Three Colors

Why do the French and American flags share the same colors? Is it a coincidence? No one knows who designed these two flags, but there are a few clues.
American postcard from 1918. © Delcampe.net

For the thirteen original colonies marked by British culture, and whose officers, most notably George Washington, had served in the occupying army, blue, white and red were already familiar shades used to rally the troops. The American flag can thus be understood as a modified version of the British flag. As Talleyrand, the French foreign minister, wrote a few years later: “These Americans are just Englishmen; we were wrong to help them!” Talleyrand bitterly regretted that the United States had resumed commercial relations with the English at a time when the French had established a continental blockade.

And where does the French flag come from? According to the national legend that assumed the power of an official truth with Michelet’s History of France, published in the mid-19th century, the color white, an ancient emblem of royalty, was framed by blue and red, the ensign of the city of Paris. It is thought that this tricolor flag was first brandished by the French armies in the battle of Valmy, in September 1792, an offensive that saved the French Revolution from the Prussian army. The legend goes that, during this same battle, the French soldiers cried out “Vive la Nation” (“Long Live the Nation”) instead of “Vive le Roi” (“Long Live the King”), replacing one source of legitimacy with another. This lovely story is puzzling, because Louis XVI was in prison and it is hard to see how the white would have been retained on the flag as a symbol of monarchy. It seems more probable that the French flag was inspired by the American one, since the United States was the very first republic, and one that many French revolutionaries took as a model. It should be recalled that, in 1792, Thomas Paine, an instigator of American independence, was a deputy from Pas-de-Calais at the French National Convention.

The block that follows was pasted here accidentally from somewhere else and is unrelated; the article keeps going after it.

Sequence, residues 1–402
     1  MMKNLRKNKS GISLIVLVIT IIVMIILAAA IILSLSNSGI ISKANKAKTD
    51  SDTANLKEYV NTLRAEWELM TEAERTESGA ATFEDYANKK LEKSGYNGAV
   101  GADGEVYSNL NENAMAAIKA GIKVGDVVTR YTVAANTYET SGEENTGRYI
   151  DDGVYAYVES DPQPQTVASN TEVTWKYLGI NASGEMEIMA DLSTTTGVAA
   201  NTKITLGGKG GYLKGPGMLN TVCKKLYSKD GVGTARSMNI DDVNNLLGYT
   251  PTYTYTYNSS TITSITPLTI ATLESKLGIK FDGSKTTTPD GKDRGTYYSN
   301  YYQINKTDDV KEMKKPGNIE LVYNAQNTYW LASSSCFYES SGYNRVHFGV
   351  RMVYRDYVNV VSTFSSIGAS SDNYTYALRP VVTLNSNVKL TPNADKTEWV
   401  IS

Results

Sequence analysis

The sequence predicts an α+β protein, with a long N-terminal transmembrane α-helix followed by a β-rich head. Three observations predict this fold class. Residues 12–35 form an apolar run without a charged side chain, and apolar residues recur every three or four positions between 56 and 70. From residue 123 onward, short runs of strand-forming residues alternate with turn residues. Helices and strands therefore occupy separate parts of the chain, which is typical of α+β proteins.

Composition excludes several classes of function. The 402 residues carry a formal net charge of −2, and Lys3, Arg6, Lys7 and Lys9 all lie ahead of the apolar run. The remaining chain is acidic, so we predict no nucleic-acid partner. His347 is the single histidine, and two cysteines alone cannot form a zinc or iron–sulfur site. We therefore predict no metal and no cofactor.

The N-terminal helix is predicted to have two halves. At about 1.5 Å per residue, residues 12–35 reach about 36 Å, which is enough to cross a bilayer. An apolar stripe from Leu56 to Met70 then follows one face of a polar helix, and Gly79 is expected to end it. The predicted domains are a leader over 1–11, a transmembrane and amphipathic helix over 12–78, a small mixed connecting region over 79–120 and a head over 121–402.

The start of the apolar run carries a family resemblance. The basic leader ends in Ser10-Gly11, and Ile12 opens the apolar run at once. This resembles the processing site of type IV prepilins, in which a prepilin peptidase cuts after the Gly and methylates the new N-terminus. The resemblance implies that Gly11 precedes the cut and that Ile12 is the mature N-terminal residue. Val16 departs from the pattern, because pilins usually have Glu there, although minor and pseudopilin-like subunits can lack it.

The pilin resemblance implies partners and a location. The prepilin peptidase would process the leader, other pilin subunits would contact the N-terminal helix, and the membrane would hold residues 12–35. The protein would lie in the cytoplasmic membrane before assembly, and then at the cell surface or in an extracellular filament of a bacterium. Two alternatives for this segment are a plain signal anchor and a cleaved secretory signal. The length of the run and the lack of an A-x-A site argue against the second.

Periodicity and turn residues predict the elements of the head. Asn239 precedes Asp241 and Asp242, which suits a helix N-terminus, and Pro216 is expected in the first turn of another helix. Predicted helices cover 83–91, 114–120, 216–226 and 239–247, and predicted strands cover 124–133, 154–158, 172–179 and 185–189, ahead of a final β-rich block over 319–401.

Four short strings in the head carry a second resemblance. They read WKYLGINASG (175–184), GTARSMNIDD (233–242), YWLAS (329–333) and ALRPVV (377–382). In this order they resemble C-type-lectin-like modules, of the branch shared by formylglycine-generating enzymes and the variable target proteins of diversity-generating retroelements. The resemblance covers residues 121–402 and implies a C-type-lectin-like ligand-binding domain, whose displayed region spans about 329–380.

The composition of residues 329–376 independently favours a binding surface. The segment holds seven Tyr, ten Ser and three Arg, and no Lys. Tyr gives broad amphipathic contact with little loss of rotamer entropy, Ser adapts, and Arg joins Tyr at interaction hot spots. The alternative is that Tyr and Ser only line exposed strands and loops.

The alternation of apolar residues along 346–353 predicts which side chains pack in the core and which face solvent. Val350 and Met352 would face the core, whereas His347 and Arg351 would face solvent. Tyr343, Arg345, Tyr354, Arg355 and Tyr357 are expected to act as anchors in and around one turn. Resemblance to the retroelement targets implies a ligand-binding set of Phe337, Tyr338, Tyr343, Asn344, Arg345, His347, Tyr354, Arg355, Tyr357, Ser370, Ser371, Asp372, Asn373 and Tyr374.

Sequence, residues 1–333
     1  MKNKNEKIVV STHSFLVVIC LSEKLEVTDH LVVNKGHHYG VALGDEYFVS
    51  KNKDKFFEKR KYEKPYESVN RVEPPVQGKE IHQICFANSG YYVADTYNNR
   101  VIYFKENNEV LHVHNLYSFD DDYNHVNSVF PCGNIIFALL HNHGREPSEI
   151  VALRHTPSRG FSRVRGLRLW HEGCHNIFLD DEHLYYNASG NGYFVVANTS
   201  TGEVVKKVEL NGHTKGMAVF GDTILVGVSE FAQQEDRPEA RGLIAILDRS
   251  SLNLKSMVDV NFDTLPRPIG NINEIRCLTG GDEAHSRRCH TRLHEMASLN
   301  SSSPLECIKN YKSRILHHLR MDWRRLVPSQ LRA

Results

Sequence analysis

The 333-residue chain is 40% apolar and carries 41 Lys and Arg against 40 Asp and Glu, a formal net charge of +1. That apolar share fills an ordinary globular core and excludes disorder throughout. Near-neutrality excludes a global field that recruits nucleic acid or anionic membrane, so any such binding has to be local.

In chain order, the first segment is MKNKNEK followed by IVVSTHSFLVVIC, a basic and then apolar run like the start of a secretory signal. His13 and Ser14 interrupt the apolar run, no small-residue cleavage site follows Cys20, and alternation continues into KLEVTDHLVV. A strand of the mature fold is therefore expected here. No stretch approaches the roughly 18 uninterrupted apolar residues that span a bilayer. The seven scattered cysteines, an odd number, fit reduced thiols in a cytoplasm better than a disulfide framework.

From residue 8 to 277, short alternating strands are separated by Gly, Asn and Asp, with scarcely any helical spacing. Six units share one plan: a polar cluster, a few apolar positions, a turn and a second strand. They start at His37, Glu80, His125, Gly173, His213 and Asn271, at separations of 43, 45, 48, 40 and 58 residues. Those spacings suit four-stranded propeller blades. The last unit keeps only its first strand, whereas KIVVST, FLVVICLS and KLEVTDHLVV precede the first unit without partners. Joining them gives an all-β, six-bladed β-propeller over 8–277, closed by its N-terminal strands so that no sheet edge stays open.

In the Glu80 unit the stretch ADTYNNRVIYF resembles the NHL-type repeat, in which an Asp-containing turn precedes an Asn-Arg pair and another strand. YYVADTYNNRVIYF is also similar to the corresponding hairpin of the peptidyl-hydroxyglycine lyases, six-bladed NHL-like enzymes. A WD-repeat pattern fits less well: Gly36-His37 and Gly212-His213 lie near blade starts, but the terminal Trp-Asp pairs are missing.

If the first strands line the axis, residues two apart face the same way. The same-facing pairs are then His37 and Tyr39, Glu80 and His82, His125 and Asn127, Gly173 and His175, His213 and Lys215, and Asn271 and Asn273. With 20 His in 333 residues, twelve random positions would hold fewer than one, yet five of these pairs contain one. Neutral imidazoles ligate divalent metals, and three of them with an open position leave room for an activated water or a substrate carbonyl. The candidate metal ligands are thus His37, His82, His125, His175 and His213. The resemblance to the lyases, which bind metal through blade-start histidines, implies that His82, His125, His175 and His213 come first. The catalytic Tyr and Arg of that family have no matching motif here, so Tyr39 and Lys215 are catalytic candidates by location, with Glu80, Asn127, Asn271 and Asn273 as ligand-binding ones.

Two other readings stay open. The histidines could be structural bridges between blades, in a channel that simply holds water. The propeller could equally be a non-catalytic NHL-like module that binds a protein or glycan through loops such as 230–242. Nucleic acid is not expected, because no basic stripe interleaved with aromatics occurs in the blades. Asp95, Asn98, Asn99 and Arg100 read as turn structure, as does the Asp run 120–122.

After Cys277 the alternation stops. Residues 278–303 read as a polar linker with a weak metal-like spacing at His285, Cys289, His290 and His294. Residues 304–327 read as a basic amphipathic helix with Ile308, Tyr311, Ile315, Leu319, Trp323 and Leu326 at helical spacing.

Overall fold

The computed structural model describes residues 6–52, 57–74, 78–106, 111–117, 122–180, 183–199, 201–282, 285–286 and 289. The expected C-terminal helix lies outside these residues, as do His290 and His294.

This influence of the American Republic was seen again in the Parisian revolutions of 1830 and 1848. In 1830, on the balcony of the Hotel de Ville in Paris, the poet Lamartine delivered a vibrant homage to the tricolor flag against the return of the white flag; by his side was the Marquis de La Fayette, the “hero of both worlds”. The complicity between the two nations was thus re-affirmed. Once again, in 1848, at the founding of the Second Republic (the First in 1792, lasted only three chaotic years), deputy and soon-to-be minister Alexis de Tocqueville played a critical role in the drafting of the French Constitution, directly inspired by that of the United States with two legislative chambers and an elected President with limited powers. But this President was Louis Napoleon, who trampled the Constitution and, like his uncle, proclaimed himself Emperor. Tocqueville renounced public life and devoted himself to writing – fortunately for us.

The United States of Europe

The American Constitution has continually haunted some of France’s finest minds: in the 1860s, the jurist Etienne de Laboulaye, who devised the plan for the Statue of Liberty, campaigned for France’s adoption of the United States Constitution. The previous head of government André Tardieu revived this idea in the 1930s, which made him very unpopular. In 1959, General de Gaulle had the French ratify a Constitution that suited him, more monarchical than American; but his successor, Valéry Giscard d’Estaing, an admirer of Jefferson, reinforced the judicial authority of our meager Constitutional Council in order to bring it closer to the American Supreme Court. In 2003 this same Giscard d’Estaing presided over a European “Convention,” a direct reference to that of Philadelphia and the American Founding Fathers, in the hope – rejected by the voters – of founding the United States of Europe. This formula, “United States of Europe,” was first penned by Victor Hugo in 1849.

Today you mustn’t tell the French that their flag and their Constitution owe a little something to the United States – they would be surprised and, in some cases, annoyed. And what of a United States of Europe? With “Brexit”, this seems further away than ever, but don’t forget: the United States of America only really became united in the 20th century, after the Civil War and the Reconstruction. European unification only began to take shape in 1957, which, in comparison with American history, leaves some room for hope.